Plaintiff maintains, however, that the operation of hospitals is a proprietary and not a governmental function, hence, the termination provisions requiring pre-existing public agencies to cease operations infringe private contract and property rights in violation of the fourteenth amendment of the constitution of the United States, and section 2 of article II of the Illinois constitution. It is readily apparent from the terms of the Hospital District Law that it was enacted in the interest of public health (Ill. Rev. Stat. 1949, chap. 23, par. 163.32,) and that the districts were authorized to exercise governmental powers. (par. 163.44.) The statute recites that the establishment, maintenance and operation of safe and accessible hospitals within the State of Illinois and the creation of hospital districts having power necessary for the establishment and continued maintenance of such hospitals are declared and determined to be in the interest of public health. It is further provided that a hospital district shall constitute a municipal corporation and shall exercise certain governmental powers, including the power to establish and maintain a hospital within its corporate limits for the benefit of the inhabitants of the area, regardless of race, creed or color.
It is a fundamental doctrine that laws which tend to promote public health, comfort, safety and general welfare may be deemed a proper exercise of the police power of the State, and that such power is elastic and capable of meeting changing conditions. (People v. John Doe of Rosehill Cemetery, 334 Ill. 555; Fenske Bros. Inc. v. Upholsterers' International Union, 358 Ill. 239.) With reference to the nature of this police power the court stated, in People v. Bartholf, 388 Ill. 445: "* * * It is for the legislature to determine when conditions exist which call for the exercise of a power, [police power,] and when it has acted, the presumption arises that the act is a valid exercise of such power. [Citations.] The legislature not only determines when there shall be an exercise of the power, but it has the right in matters of local concern to delegate the execution of the power to a municipality * * * or to authorize the organization of a new municipality and vest it with the authority necessary to the execution of the power."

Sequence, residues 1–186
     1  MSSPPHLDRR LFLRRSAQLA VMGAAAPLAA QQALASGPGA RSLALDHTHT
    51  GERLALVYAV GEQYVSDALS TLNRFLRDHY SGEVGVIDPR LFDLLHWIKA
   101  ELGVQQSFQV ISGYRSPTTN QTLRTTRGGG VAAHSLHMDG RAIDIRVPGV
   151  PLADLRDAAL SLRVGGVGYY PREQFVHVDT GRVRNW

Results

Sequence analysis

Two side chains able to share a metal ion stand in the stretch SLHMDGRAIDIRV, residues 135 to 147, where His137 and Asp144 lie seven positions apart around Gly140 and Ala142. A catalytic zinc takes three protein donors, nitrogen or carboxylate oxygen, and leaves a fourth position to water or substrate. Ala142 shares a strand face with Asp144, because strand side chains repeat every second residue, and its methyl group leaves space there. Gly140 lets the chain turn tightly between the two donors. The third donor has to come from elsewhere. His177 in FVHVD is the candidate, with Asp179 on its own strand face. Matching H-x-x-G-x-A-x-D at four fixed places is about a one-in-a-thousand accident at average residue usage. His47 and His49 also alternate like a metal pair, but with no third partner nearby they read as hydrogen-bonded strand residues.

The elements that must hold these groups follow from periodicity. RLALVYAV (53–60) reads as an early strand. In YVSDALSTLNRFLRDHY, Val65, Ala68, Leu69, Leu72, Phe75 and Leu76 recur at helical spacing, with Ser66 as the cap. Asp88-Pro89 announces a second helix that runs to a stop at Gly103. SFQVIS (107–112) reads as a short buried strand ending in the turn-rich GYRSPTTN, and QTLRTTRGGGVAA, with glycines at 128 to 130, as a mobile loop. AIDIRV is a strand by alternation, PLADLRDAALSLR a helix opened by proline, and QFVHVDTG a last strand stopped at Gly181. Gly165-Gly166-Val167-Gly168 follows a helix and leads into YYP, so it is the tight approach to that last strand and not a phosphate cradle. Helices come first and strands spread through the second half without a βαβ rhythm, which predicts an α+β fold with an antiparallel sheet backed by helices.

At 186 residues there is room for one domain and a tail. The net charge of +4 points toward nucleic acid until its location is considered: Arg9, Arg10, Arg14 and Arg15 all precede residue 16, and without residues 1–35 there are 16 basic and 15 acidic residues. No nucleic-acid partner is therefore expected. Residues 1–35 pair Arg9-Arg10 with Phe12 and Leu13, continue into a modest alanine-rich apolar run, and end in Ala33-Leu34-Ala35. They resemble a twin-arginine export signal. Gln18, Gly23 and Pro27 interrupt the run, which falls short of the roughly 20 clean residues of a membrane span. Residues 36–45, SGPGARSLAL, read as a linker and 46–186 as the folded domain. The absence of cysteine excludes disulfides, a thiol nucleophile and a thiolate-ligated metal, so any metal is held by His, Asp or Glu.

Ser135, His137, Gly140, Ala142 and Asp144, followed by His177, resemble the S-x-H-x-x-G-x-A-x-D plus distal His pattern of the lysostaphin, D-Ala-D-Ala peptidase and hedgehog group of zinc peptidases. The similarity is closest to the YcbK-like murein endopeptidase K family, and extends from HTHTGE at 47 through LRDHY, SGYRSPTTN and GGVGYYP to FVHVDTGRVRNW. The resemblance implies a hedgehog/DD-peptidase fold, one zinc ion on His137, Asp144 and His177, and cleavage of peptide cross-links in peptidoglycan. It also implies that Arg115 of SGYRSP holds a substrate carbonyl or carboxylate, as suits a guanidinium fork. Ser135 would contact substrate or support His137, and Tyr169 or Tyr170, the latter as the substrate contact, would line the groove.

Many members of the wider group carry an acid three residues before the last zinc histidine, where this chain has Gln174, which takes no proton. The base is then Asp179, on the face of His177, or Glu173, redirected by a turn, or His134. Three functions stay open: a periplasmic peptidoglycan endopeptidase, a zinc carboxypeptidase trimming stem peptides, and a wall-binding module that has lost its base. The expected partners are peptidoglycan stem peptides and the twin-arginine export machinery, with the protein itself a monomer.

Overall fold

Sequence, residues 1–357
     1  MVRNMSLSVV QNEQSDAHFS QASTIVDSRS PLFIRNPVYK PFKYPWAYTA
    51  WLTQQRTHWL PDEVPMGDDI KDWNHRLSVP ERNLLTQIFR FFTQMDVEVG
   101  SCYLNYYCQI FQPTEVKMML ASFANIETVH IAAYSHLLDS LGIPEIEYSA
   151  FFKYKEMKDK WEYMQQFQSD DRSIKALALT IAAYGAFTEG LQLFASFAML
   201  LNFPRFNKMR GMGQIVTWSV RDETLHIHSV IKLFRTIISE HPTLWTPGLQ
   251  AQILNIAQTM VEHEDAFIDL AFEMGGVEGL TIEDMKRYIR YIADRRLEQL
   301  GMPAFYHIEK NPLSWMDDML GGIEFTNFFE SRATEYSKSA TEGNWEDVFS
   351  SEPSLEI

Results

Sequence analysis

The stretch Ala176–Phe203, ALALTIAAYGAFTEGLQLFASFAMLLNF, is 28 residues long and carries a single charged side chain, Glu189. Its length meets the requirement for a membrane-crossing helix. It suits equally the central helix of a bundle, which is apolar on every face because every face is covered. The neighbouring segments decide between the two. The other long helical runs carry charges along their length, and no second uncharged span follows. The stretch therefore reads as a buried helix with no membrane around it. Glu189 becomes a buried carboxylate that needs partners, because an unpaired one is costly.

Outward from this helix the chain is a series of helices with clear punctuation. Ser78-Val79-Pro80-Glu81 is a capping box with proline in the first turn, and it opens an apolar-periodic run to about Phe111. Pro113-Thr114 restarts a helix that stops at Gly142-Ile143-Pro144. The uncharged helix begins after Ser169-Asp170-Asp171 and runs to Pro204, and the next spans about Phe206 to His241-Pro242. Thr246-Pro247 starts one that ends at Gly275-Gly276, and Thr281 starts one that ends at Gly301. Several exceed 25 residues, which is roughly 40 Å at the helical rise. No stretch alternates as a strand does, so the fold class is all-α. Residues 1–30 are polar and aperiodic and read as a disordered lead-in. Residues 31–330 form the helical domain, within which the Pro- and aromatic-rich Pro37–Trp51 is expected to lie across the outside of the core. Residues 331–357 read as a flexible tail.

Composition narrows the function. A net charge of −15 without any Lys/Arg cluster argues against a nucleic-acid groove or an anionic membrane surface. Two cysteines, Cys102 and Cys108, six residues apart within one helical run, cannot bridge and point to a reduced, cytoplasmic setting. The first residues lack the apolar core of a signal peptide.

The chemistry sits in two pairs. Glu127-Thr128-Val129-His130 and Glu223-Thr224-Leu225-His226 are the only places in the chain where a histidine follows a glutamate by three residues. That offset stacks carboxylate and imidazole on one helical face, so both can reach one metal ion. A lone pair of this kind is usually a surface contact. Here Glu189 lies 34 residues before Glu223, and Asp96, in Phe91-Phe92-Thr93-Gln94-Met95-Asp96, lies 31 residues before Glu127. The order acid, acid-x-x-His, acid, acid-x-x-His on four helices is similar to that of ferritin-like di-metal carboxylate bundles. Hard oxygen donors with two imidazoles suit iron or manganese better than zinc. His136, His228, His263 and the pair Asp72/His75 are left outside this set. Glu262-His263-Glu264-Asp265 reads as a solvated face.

In the instant case, according to the legislative pupose expressed in the act, the legislature determined that, in the interest of public health, the police power should be exercised to authorize the organization of hospital districts charged with owning and operating public hospitals. Hospitals have frequently been the subject of the exercise of the police power. In Tollefson v. City of Ottawa, 228 Ill. 134, it was held that the maintenance of a hospital by a city under an Illinois statute authorizing the creation of a public hospital by a municipality was an exercise of the police power, as a measure designed to promote the general health and welfare, and was not the exercise of a proprietary function, as urged by the plaintiff therein.
Courts have upheld the constitutionality of measures designed to promote and preserve public health as a legitimate exercise of the police power. In People ex rel. Village of South Chicago Heights v. Bergin, 340 Ill. 20, the court stated that the formation of a sanitary district was for the preservation of health, which is one of the important objects of government, and that such purpose was within the police power and could be exercised either by the legislature, or by corporations to which the legislature has delegated such power.